The Physics - Tomorrow People
Go clicking around Pacific Northwest-focused hip-hop blogs these days (yes, they do exist) and you’ll find a lot is bubbling in the upper-left corner of the map: Blue Scholars have been consciously rocking club venues across the nation for at least the last four years; hyper-experimental rap/electro act Shabazz Palaces is expanding the very bounds of what it means to be hip-hop; XXL Freshman of the Year-er Macklemore is set to release a new LP and embark on a massive world tour; and of course I’d be remiss not to mention how hard this very blog rides for Nacho Picasso and his blunted brand of new era medievalism.
When it comes to hip-hop, the greater Seattle area is experiencing a renaissance. The indie pop and rock acts found in ubiquity since the post-grunge movement drifted through have settled in comfortably at summer music festivals next to like-minded Brooklyn- and Austin-based bands, any regional distinctions in sound blurred by the genre’s reciprocal analog and reverb. That’s not the nature of hip-hop, though. Most rapper’s declarations, initially at least, are hyper-local ones and fittingly so are most things Seattle — the area’s isolated geography lends itself particularly well to the “artisanal.” It seems reasonable then that the 2-0-6 (that’s the city’s predominant area code for those that don’t know) would, in turn, develop a strong hip-hop tradition, and that’s exactly what is happening.
In this critic’s estimation the crew making the best and most consistently “pure” strain of hip-hop in the Town (capital “T” intentional) is The Physics: Principle MCs Thig Natural and Monk Wordsmith and MC/producer Justo, plus back-up vocalists (and real-life couple) Malice and Mario Sweet. With the release of their third full-length album, Tomorrow People, this crew finds itself five records deep into a rap career that has seen little to no exposure outside of Seattle. And while the aforementioned acts are certainly worthy of all the national attention they’ve received, The Physics deserve the same merit; the soulful, funky Tomorrow People may be the album that finally brings it.
The group’s previous LP, Love Is A Business (2011), was a wholly conceived and carefully executed record concerning how The Physics’ very normal lifestyles intersected with a burgeoning music hustle. It’s a familiar story for so many starving hip-hop artists trying to get on, but rarely has it been summarized with such class and brio. Many ofLIAB’s tracks would not have resonated as well if separated from the body of work, which is a testament to how interstitially linked its thoughts were. In contrast, Tomorrow People is much more a set of distinct songs, a different approach but one that doesn’t lead to a decrease in quality or sacrifice in any of the group’s core values.
Like its predecessor, the production on Tomorrow People is steeped in a fresh Pacific Northwest cool as informed by the region’s more progressed hip-hop cousin: Southern California. The majority of beats are provided by in-house composer Justo with some vital assistance from local and industry heavyweights Jake One, Vitamin D and Kuddie Fresh (of Tha Bizness). Thig and Monk’s rhymes feature an easy nonchalance that can only derive from acute self-awareness as a result of advancing age. If you think that’s coded language for “old man rap” you’re only partially right. Tracks like “Take A Win”, “Last Dollar” and “Skylines” find much of their charm within the contradictions of pleasure-seeking as 30-something rappers trying to make it in a younger man’s game. I’m talking about things like drinking beer for both the buzz and the taste; late-night creeps for the thrill of the chase and the dread of having to face work on little to no sleep; and finding your empty wallet as a source of both frustration and pride-inducing analogue for “the hustle.”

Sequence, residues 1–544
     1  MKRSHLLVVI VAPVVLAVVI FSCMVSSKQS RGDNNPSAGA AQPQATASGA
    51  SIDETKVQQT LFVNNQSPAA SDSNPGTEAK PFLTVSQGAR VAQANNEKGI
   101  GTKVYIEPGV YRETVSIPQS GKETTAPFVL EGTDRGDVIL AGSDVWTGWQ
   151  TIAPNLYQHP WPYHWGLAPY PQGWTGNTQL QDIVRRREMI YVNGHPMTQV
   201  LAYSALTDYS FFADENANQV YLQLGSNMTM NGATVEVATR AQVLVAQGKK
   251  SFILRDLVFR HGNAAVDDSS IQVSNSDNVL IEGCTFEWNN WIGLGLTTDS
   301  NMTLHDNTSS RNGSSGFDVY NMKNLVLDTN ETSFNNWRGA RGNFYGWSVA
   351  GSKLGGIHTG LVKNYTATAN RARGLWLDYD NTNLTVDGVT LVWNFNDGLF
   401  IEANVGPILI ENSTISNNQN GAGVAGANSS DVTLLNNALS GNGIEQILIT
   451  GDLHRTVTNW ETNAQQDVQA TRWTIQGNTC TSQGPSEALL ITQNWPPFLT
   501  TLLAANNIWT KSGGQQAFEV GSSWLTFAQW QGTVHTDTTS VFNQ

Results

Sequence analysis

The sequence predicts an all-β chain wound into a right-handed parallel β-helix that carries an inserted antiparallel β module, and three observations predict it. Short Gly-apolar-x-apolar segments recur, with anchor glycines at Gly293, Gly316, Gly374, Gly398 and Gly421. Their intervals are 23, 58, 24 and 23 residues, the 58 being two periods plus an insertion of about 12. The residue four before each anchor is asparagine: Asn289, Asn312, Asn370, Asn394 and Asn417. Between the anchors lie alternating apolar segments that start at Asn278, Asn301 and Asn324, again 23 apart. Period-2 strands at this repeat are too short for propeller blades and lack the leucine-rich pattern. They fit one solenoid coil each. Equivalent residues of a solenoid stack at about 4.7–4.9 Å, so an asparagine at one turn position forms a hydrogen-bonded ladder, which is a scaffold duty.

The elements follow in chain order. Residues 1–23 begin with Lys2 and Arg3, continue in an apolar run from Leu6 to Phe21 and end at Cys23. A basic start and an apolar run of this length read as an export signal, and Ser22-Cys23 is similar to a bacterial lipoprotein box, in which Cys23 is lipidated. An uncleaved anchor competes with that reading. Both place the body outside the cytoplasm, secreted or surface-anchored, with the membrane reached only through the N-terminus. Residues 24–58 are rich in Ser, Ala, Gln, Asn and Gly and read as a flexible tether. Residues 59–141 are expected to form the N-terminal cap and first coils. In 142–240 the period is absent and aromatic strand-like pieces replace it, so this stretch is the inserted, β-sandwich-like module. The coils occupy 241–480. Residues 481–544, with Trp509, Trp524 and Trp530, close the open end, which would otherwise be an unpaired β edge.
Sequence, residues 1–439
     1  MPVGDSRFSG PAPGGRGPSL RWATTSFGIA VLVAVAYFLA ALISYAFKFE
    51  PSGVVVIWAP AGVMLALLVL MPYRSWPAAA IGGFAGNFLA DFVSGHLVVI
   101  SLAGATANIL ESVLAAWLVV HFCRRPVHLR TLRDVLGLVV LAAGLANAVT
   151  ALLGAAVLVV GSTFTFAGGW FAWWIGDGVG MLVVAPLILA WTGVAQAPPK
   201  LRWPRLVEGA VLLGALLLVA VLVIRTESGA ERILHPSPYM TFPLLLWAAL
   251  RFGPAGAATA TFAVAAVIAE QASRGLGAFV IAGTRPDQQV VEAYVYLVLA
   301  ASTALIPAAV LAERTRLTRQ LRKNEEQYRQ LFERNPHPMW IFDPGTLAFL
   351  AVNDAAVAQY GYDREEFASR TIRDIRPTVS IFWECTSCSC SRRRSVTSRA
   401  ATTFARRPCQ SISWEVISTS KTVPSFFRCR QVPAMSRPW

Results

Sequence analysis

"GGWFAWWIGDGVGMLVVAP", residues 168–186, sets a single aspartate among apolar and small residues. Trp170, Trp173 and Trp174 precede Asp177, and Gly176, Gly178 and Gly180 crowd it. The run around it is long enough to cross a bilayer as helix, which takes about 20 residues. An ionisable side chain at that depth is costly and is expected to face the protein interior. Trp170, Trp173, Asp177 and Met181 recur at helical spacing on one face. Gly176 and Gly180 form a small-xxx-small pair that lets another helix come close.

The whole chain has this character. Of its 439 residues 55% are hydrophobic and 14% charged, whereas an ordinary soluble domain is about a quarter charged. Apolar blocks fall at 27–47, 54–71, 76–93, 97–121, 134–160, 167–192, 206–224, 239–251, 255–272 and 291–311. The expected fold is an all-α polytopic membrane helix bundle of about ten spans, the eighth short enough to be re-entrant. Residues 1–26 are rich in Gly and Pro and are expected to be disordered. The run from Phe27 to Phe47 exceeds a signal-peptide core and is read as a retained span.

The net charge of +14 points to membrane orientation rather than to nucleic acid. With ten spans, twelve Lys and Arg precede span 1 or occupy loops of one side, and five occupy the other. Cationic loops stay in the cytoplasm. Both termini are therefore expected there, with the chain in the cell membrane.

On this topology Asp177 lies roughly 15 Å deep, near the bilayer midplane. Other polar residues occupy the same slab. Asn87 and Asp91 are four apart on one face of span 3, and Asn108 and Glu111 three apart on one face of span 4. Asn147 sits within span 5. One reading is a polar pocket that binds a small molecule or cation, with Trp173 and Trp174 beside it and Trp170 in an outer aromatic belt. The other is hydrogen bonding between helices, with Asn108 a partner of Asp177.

Thig and Monk are neither showy MCs, preferring sneaky technical precision and clever brevity over works of lyrical miracles (though if you have any question of whether Thig can go, see “New School Mental”). Theirs is a rhapsodic practice that allows the rolling, animated basslines of “So Funky” and “Days” to speak as loudly as their poetic recitations on achieving dope rapper status and staying there.
The adage “less is more” is rarely as applicable as on the track “Corporate By Daylight”, a perfect example of how synth should be used to complement a beat rather than as an instrument to drown listeners’ ears. And that’s really the best thing about The Physics’ style on Tomorrow People. The music fits in as a companion to life for hip-hop fans who increasingly find it difficult to extract reason and meaning from what much of the younger set is listening to. It’s a counterpoint to most popular rap in the way a strategic midday nap fits inside the cycle of a 24-hour party binge. There will always be a time and place for hip-hop as heedless diversion — and certainly The Physics steez is not all anathema to that — but as the genre ages, as does its audience, the refined sensibilities of crews like The Physics help to fill that essential void where the hip-hop soul has always resided.